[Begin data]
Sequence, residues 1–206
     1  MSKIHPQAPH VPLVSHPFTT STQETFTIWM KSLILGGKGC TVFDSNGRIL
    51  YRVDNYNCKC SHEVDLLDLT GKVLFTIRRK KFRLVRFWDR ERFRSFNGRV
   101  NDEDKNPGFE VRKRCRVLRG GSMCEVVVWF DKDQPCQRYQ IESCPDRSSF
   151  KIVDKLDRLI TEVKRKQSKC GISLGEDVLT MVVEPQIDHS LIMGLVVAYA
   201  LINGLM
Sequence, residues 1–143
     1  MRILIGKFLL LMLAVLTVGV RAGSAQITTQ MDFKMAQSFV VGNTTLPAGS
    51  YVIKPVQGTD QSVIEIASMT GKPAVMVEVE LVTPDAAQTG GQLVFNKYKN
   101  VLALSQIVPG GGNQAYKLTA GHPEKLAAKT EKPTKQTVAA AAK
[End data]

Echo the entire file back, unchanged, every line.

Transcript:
Sequence, residues 1–206
     1  MSKIHPQAPH VPLVSHPFTT STQETFTIWM KSLILGGKGC TVFDSNGRIL
    51  YRVDNYNCKC SHEVDLLDLT GKVLFTIRRK KFRLVRFWDR ERFRSFNGRV
   101  NDEDKNPGFE VRKRCRVLRG GSMCEVVVWF DKDQPCQRYQ IESCPDRSSF
   151  KIVDKLDRLI TEVKRKQSKC GISLGEDVLT MVVEPQIDHS LIMGLVVAYA
   201  LINGLM
Sequence, residues 1–143
     1  MRILIGKFLL LMLAVLTVGV RAGSAQITTQ MDFKMAQSFV VGNTTLPAGS
    51  YVIKPVQGTD QSVIEIASMT GKPAVMVEVE LVTPDAAQTG GQLVFNKYKN
   101  VLALSQIVPG GGNQAYKLTA GHPEKLAAKT EKPTKQTVAA AAK